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HomeGoogleThe EU instructs Google to remove Russian state media sites from search

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The EU instructs Google to remove Russian state media sites from search

  • The European Commission is requesting Google to delete Russian state media results from search within the EU.
  • Google uploaded a letter, where officials explained; search engines play an essential part in disseminating content.
  • For now, Google didn’t return The Post’s request, yet publications say search conducted within the EU didn’t bring up links for Russian media.

The letter explained how officials ordered to ban the broadcast of RT and Sputnik in the whole European Union; it also applies to internet companies in general.

Yet, it’s not clear how this order applies to internet companies like Facebook, Twitter, and Tiktok because before Russia’s Invasion of Ukraine began, the EU president said: “will no longer be able to spread their lies to justify Putin’s war.”

Representatives of Meta, TikTok, and Twitter didn’t immediately respond to requests for comment.

Part of a letter from Google;

“The activity of search engines plays a decisive role in the overall dissemination of content in that it renders the latter accessible to any internet user making a search on the basis of the content indication or related terms, including to internet users who otherwise would not have found the web page on which that content is published…Consequently, if search engines such as Google did not delist RT and Sputnik, they would facilitate the public’s access to the content of RT and Sputnik, or contribute to such access.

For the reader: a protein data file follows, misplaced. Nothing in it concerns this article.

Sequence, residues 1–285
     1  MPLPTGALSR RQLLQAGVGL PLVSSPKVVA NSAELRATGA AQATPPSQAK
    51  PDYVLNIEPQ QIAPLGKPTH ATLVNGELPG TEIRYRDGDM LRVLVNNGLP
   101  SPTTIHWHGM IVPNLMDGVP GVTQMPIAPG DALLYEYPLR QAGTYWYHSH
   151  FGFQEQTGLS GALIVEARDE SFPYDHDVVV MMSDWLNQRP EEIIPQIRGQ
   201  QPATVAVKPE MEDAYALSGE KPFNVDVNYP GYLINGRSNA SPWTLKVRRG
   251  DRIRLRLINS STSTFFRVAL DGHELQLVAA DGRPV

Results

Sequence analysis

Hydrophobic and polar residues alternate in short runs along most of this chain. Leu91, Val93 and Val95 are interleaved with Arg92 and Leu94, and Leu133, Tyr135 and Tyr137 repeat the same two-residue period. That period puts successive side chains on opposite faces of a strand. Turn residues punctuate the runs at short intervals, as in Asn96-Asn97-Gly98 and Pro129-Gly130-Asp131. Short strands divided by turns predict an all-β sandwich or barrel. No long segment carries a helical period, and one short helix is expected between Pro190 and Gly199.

It follows from the foregoing that by virtue of the Regulation, providers of Internet search services must make sure that i) any link to the Internet sites of RT and Sputnik and ii) any content of RT and Sputnik, including short textual descriptions, visual elements and links to the corresponding websites do not appear in the search results delivered to users located in the EU.”

The EU should know the difference between state-owned content VS users’ content; that’s why companies must draw a line which content should be banned, the email says.

“Admittedly, that line might be difficult to draw in certain cases in practice,” the email says.

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Hamayun Shaukat
Hamayun Shaukathttps://thehabytes.com
In short, a tech enthusiast who loves to play with small gadgets to big machines. I've been writing about tech for as long as I can remember. I spent countless hours researching new tech and writing on HA Bytes.

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